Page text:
Despite popular belief otherwise, South Africans have become more dependent on cash during the Covid-19 pandemic.
“In South Africa, cash has proven to be a resilient medium of payment in uncertain times, but its increased use also indicates a need for greater inclusion in the digital payments landscape,” says Ghita Erling, CEO of the Payments Association of South Africa (PASA).
Why do many South Africans prefer cash?
So far, digital payment systems have mainly benefited the country’s higher-income and financially astute earners, who appreciate the convenience of cashless transactions and have ready access to the country’s digital payments infrastructure.
According to FinMark Trust research, about one in five South African do not have bank accounts, and a further one-third prefer to withdraw all their money in cash than keep it in the bank account. This trend is more prevalent among social grant recipients.
SASSA statistics indicate that 95% of beneficiary funds are withdrawn within seven days of being deposited. Another SASSA report suggests that the reasons for this behaviour include fear that the funds would be repossessed by SASSA if left too long; distrust in digital services and cards; the uncertainty of how to use cards; and opportunity costs, like taxi fares if travelling frequently to ATMs.
Yet another factor driving continued dependency on cash is that many South Africans live in areas where the digital payments infrastructure does not yet reach or where digital payment is simply not accepted by local vendors.
Lack of acceptance among these retailers may be due to the costs involved but more likely because the use of cash by their patrons is so prevalent, they see little value in implementing services for which they perceive no demand.
According to research conducted, between two and five million micro and survivalist businesses operate on a cash-only basis since a convenient digital acceptance solution is not available to them.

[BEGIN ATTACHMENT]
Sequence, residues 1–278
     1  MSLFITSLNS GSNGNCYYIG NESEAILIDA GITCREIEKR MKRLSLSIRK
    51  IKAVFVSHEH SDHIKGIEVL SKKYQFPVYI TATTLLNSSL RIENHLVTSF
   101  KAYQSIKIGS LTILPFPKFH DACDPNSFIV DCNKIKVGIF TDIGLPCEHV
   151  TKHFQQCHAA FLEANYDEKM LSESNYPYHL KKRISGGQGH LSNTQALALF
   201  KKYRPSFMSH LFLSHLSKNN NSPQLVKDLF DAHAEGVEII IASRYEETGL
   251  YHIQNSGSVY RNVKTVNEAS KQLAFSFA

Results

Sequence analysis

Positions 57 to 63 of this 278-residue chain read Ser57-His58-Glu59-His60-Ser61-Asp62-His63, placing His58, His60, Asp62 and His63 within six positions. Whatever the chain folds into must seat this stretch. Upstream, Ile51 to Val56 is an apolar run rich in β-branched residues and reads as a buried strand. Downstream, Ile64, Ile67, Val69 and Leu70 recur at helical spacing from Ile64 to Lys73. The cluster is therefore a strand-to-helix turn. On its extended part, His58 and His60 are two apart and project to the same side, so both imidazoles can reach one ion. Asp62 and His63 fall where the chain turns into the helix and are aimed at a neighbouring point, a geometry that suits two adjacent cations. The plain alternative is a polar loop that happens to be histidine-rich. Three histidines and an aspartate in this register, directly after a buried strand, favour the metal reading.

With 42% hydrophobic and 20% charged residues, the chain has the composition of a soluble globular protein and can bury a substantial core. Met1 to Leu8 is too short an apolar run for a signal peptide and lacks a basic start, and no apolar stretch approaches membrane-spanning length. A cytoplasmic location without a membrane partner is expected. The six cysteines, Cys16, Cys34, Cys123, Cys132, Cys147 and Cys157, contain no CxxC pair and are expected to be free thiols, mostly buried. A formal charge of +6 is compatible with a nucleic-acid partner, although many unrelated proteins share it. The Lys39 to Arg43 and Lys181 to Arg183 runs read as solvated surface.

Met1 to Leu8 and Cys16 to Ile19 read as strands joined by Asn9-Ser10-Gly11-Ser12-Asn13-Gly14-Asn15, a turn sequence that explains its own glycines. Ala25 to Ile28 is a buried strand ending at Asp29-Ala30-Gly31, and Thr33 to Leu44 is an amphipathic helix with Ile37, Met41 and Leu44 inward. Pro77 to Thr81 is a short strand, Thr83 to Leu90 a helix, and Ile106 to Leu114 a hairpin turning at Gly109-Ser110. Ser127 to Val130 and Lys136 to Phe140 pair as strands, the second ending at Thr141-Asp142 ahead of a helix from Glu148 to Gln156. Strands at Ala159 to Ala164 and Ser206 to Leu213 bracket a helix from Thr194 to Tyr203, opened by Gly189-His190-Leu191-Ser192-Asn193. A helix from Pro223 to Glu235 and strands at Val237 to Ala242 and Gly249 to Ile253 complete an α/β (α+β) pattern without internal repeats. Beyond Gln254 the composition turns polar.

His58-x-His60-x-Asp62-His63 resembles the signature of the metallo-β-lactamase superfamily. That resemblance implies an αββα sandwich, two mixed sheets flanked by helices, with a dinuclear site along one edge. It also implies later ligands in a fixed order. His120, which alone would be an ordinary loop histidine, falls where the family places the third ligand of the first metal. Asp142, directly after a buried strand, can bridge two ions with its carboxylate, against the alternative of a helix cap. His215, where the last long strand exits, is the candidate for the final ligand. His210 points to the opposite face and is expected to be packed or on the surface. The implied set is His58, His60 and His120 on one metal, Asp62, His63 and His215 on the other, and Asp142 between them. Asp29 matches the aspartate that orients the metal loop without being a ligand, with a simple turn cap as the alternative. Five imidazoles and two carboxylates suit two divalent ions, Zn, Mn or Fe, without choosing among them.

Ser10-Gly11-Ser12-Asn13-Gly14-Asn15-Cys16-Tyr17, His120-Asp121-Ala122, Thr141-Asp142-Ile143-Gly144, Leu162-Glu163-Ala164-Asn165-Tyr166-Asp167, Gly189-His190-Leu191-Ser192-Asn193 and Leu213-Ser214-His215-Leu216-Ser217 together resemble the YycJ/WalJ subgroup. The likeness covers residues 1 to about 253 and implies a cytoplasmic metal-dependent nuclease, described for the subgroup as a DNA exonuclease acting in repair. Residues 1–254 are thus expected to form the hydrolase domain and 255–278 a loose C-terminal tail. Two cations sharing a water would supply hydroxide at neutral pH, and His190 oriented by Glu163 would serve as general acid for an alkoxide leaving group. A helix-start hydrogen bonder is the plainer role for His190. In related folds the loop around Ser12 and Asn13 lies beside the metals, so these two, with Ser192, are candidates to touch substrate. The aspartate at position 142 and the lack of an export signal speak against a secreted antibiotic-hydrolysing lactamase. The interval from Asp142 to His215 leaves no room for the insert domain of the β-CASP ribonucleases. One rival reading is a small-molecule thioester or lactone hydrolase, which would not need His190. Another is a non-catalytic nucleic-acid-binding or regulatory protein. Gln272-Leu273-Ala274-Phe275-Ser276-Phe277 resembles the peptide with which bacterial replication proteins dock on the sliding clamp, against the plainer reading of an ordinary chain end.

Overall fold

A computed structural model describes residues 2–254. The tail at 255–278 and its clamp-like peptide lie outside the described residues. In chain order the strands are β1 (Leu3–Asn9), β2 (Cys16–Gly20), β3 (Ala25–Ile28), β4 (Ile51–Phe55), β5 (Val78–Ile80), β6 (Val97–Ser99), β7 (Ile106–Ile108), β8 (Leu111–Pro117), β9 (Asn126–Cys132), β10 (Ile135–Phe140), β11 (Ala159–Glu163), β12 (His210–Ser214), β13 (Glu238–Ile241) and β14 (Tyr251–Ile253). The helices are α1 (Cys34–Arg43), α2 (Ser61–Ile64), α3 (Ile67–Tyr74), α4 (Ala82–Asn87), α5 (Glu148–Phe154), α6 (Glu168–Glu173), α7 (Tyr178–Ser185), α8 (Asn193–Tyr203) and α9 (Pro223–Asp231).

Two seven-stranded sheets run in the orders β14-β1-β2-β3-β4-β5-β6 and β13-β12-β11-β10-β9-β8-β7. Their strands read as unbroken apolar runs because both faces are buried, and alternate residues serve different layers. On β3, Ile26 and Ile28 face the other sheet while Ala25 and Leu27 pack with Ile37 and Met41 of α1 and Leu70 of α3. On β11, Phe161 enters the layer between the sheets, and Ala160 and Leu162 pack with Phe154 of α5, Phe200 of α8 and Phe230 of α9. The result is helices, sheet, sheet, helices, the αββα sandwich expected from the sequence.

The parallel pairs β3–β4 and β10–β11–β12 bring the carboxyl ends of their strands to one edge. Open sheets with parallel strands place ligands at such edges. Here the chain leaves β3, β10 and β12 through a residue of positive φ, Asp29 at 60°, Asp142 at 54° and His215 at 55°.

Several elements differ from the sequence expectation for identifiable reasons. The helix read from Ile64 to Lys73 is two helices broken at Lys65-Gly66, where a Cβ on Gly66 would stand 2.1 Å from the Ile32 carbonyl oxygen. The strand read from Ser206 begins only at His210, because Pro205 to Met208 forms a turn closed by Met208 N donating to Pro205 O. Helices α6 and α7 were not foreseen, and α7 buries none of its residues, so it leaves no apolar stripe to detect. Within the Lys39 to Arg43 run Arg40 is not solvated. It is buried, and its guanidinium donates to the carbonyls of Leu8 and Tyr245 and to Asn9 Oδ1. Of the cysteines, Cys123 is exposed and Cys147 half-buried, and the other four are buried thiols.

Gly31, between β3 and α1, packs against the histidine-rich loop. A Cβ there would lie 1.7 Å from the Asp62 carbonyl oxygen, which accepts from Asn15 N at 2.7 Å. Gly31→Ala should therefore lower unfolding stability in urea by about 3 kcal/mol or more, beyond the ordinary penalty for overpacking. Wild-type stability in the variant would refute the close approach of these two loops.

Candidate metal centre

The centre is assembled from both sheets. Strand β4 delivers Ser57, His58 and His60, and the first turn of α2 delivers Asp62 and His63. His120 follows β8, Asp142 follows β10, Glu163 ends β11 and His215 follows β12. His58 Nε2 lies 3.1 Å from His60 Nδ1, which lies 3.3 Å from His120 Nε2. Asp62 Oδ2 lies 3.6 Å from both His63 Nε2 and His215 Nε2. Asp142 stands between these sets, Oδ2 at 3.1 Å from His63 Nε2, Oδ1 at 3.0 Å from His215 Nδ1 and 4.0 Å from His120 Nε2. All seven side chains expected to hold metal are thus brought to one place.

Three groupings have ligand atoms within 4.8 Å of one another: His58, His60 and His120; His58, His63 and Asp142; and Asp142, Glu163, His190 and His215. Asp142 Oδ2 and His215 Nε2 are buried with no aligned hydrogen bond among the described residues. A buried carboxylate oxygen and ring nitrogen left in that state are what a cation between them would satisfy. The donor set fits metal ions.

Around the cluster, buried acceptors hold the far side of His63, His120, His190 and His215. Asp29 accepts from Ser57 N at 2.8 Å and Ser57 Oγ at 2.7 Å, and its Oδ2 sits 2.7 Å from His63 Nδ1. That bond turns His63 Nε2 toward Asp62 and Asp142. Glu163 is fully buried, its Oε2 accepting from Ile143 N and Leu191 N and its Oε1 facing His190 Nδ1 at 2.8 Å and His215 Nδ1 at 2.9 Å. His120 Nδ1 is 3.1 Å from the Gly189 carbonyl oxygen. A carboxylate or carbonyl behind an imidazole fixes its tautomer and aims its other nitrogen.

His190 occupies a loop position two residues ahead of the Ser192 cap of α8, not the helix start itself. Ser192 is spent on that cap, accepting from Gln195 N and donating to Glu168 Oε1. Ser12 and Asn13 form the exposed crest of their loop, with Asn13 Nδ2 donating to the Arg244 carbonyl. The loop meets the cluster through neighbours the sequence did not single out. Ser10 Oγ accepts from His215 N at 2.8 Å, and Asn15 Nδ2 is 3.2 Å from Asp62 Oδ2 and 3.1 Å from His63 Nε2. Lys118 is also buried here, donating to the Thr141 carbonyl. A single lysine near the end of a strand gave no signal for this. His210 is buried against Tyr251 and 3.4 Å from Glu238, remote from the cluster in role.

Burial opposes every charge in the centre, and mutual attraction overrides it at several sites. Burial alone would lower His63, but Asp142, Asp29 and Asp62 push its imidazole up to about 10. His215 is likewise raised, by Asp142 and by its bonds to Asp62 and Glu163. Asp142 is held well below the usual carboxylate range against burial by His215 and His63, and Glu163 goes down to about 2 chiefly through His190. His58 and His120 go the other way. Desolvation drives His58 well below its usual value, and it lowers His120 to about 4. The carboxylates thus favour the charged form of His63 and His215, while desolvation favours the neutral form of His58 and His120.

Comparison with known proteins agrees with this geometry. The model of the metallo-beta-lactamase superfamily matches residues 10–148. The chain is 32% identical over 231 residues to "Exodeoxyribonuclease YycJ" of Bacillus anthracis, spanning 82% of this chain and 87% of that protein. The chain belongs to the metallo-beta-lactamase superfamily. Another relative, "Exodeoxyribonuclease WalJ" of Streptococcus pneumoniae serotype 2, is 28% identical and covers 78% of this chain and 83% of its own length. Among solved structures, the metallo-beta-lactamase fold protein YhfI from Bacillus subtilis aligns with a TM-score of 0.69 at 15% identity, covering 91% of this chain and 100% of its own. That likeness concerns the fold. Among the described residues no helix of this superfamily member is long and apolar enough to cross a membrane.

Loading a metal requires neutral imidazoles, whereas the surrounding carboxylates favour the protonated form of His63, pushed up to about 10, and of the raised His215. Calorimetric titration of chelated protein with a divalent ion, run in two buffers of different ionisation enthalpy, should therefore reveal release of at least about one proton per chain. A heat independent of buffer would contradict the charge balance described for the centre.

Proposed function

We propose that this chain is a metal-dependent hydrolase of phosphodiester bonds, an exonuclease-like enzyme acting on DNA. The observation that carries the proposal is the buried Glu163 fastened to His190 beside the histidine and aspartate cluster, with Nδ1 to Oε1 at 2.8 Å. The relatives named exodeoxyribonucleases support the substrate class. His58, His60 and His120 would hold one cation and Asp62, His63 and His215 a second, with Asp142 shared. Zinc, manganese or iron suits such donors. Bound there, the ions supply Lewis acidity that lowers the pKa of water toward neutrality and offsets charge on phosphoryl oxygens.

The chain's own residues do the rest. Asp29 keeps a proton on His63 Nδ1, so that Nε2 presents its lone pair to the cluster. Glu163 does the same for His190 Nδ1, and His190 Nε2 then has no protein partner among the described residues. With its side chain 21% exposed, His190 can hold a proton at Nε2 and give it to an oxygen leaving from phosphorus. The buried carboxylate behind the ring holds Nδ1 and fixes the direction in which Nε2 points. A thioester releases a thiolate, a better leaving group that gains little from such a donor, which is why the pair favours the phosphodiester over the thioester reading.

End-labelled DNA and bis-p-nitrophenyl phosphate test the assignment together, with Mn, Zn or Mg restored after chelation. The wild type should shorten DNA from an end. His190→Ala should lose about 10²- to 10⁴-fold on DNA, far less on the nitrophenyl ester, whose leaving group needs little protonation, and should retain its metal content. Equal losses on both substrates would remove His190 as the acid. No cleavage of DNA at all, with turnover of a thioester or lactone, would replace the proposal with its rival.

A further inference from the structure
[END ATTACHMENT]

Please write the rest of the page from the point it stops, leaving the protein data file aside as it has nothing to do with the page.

Therefore, during the pandemic and subsequent lockdowns, the use of cash among those with limited transport or access to digital payment systems has increased measurably.
Offering those communities localised access to low-cost digital payment services would certainly help South Africa reduce the cost of producing, storing and circulating cash, which amounted to some R88-billion per annum even before the pandemic struck.
However, building awareness, educating these users and developing trust in the benefits of cashless transactions is as critical as providing a good technical solution and a reliable infrastructure.
So there needs to be a collaborative effort between digital payment providers, stakeholders and communities to ensure progress is made.
“While cash has its place in the National Payment System, speedy and ubiquitous digital payments promise financial inclusion to all South Africans,” says Erling. “We would love to see greater collaboration and coordination between government and private entities to decrease the reliance of poor communities on cash.”